“I’m the world’s worst mandolin player,” he told a full house in Garrett Park, Md. “If you don’t believe it, just ask me.” Later, after the show, Wakefield told me what to say in my review: “Tell ‘em how we bad we did.”
But in the next breath, discussing his latest CD, A Tribute to Bill Monroe, he made it clear what he really thinks. Of all the projects honoring Monroe, he said DJs have told him his is the best. And then he proceeded to explain why they’re right:
“That’s because I know how to play bluegrass. Most people don’t know how to play it. You need to give it energy.”
This much is certain: At 77 years old, Frank still has a lot of energy, a sizable ego and a boatload of talent. All were on ample display during the CD release party sponsored by Patuxent Records.
The tribute project includes an all-star cast, and most of them joined Frank on the stage – fiddle master Michael Cleveland, bassist Marshall Wilborn, former Blue Grass Boy Tom Ewing and Tom Mindte, the head of Patuxent and a fine mandolin picker and vocalist in his own right.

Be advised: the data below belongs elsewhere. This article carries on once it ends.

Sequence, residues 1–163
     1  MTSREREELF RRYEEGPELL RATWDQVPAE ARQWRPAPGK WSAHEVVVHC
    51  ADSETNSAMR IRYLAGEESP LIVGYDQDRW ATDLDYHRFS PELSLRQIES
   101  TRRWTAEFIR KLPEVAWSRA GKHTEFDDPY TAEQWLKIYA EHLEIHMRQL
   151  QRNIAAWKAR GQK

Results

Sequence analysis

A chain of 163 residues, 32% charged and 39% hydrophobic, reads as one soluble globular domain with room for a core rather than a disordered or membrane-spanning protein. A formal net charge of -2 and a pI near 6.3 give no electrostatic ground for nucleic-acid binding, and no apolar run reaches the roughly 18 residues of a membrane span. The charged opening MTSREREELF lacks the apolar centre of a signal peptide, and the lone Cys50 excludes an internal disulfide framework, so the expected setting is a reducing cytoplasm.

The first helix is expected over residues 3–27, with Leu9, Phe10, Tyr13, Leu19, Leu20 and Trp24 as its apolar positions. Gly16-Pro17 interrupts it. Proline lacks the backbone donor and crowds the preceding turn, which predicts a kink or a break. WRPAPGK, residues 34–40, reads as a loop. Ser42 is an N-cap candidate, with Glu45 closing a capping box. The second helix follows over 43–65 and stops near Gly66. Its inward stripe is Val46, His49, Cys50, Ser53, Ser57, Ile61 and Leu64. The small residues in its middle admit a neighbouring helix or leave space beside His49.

The vocals were uneven Saturday night, but that’s not surprising, given the soaring upper register of the voice they were honoring. “You need a guy who can sing higher than a girl,” Frank joked at one point.
Instrumentally, though, the band was superb. Michael Cleveland just might be the best fiddler in the business right now, and on song after song, Frank noted his appreciation by reaching over and patting him on the back. But the best fiddling of the night, on about half of the songs, came when Nate Leath teamed up with Michael for some electrifying twin fiddling, especially on one of Monroe’s signature tunes, Wheel Hoss.
But, as you might expect any time Frank is on stage, the show’s bring-the-house down moment came on one of the few non-Monroe songs on the set list – Frank’s own signature song, New Camptown Races. This version was elevated by the performances of two guests, teenager Brandon Ernst on banjo and Tara Linhardt on mandolin.
“They played the devil out of those tunes,” Frank told me after the show. Indeed, they did.
But Frank Wakefield, who has played with a Who’s Who of bluegrass greats over the decades, isn’t ready to cede anything to a younger generation of pickers. He’s already at work on a new project that will feature multiple mandolins. It’s due out in a few months on Patuxent.